The disability-adjusted life year (DALY) is a summary measure of population health that accounts for both mortality and nonfatal health consequences. DALYs were first developed for the primary purpose of quantifying the global burden of disease (GBD). In this context, the DALY was designed as the unit of analysis for measuring the relative magnitude of losses of healthy life associated with different causes of disease and injury. In addition to measurement of the burden of disease, another intended use for DALYs was as a metric for health benefits in the denominator of cost-effectiveness ratios. This article introduces the conceptual and computational basis for DALYs and discusses key issues relating to value choices underlying DALYs, with a brief discussion of how DALYs relate to quality-adjusted life-years (QALYs).
A DALY is equivalent to one lost year of healthy life. DALYs accumulate when individuals die prematurely or when they live with the health consequences of diseases, injuries, or risk factors. For a particular cause of disease or injury, DALYs are computed as the sum of (1) ‘years of life lost’ (YLLs), which capture premature mortality and (2) health losses in ‘years lived with disability’ (YLDs), which capture lost healthy life due to living in states worse than perfect health. The following sections elaborate on these two components.
Years Of Life Lost
YLLs are measures of health losses due to premature mortality. Calculation of YLLs requires some quantification of how long people ‘should’ live, that is, a normative target lifespan by which the length of life lost due to each death at a certain age may be evaluated. For example, the normative target might imply that a person who is aged 60 years should expect to live another 10 years, that is, until the age of 70 years. In that case, 100 deaths among people at the age of 60 years translates to 100 × 10 =1000 YLLs. There are various possible ways to define a normative target lifespan, as described by Christopher Murray in his 1996 essay entitled ‘Rethinking DALYs.’ Some norms imply a target lifespan that is constant across ages at death, whereas others imply a target lifespan that shifts depending on the age that has been attained. The latter are typically based on life tables that give expectations of life at different ages. In the GBD study, a global standard life table has been used based on an egalitarian argument for valuing a death at a particular age as the same loss irrespective of where the person lived. Another choice that is made is whether the same life table is used for males and females. In the GBD for the year 1990 and revisions through 2008, two different life tables were used, with the standard for females based on a life expectancy at birth that was 2.5 years greater than the life expectancy at birth in the standard for males. The argument for the different standards was based on a plausible biological difference in longevity. In the revision of the GBD for the year 2010 (hereafter ‘GBD 2010’), a new standard was used, based on a synthetic life table constructed from the lowest currently observed mortality rates at each age. The other change in the GBD 2010 was that a single standard life table was defined for both males and females.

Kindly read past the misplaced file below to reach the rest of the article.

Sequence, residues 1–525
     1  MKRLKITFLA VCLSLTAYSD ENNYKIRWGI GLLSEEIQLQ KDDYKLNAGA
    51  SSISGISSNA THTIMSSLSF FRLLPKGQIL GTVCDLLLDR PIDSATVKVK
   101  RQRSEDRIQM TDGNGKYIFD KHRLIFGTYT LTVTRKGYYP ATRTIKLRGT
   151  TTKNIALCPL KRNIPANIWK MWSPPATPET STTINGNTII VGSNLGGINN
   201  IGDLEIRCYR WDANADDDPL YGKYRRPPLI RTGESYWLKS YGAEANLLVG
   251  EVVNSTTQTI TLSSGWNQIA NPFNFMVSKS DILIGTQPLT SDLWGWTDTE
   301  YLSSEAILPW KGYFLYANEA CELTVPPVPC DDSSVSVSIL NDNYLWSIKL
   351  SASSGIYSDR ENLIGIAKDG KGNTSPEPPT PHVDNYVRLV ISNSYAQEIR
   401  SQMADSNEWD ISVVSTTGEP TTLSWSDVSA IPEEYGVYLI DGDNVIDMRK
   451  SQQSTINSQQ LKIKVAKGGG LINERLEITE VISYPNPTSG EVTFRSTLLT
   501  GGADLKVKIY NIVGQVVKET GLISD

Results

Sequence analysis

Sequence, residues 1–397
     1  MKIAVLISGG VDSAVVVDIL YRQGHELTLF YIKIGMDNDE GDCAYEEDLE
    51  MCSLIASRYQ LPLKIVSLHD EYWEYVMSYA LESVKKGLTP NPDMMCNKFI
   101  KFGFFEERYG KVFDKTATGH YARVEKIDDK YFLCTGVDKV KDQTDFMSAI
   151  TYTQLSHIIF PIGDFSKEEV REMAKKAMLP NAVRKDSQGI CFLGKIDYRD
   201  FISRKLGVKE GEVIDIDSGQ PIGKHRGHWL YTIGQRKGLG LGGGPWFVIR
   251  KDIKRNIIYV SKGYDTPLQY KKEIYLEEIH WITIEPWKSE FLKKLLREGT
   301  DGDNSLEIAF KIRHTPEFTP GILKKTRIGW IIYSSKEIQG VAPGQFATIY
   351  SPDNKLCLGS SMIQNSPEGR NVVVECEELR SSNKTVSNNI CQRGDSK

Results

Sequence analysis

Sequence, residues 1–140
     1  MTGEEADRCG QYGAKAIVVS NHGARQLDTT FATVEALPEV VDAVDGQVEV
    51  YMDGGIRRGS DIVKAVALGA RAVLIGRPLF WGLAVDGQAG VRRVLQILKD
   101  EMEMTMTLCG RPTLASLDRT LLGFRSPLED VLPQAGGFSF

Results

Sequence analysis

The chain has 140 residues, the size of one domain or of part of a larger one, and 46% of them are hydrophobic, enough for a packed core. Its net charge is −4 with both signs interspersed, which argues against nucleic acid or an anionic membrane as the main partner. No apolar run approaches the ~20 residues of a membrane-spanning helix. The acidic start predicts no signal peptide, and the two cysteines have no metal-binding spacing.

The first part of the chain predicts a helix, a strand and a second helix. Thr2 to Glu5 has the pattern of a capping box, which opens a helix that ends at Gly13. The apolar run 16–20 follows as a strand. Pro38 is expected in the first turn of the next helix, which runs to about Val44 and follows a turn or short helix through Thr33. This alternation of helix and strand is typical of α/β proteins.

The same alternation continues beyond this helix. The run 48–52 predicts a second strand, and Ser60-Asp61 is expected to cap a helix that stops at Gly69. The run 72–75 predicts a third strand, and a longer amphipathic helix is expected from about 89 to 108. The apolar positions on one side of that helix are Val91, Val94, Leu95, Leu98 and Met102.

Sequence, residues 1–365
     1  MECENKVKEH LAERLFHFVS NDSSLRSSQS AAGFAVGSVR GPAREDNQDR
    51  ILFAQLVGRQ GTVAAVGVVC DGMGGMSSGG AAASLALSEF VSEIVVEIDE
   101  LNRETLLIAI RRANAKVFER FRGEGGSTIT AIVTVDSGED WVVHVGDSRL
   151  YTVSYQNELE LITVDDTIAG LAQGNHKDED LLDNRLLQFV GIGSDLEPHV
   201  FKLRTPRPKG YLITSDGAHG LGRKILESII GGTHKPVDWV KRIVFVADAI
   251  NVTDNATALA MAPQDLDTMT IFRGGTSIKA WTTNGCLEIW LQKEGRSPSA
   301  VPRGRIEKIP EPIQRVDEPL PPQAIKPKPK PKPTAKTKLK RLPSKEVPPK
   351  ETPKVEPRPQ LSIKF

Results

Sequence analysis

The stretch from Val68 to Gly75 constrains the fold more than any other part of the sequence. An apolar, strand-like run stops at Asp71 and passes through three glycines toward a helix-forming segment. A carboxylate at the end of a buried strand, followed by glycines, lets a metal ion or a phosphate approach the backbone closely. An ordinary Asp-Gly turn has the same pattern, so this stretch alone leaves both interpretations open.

Years Lived With Disability
YLDs may be understood conceptually as partial losses of healthy years due to living in health states that are worse than optimal health, weighted for the severity of the states. For example, 10 years lived in a health state that constitutes a 50% reduction in health, i.e., a state that resides halfway between death and perfect health, would imply a total of 10×0.5 = 5 YLDs. Construction of YLDs requires a defined measurement construct for health losses, a way to quantify these losses, and an approach to attribute losses to years of life lived with a particular condition.
Cases And Sequelae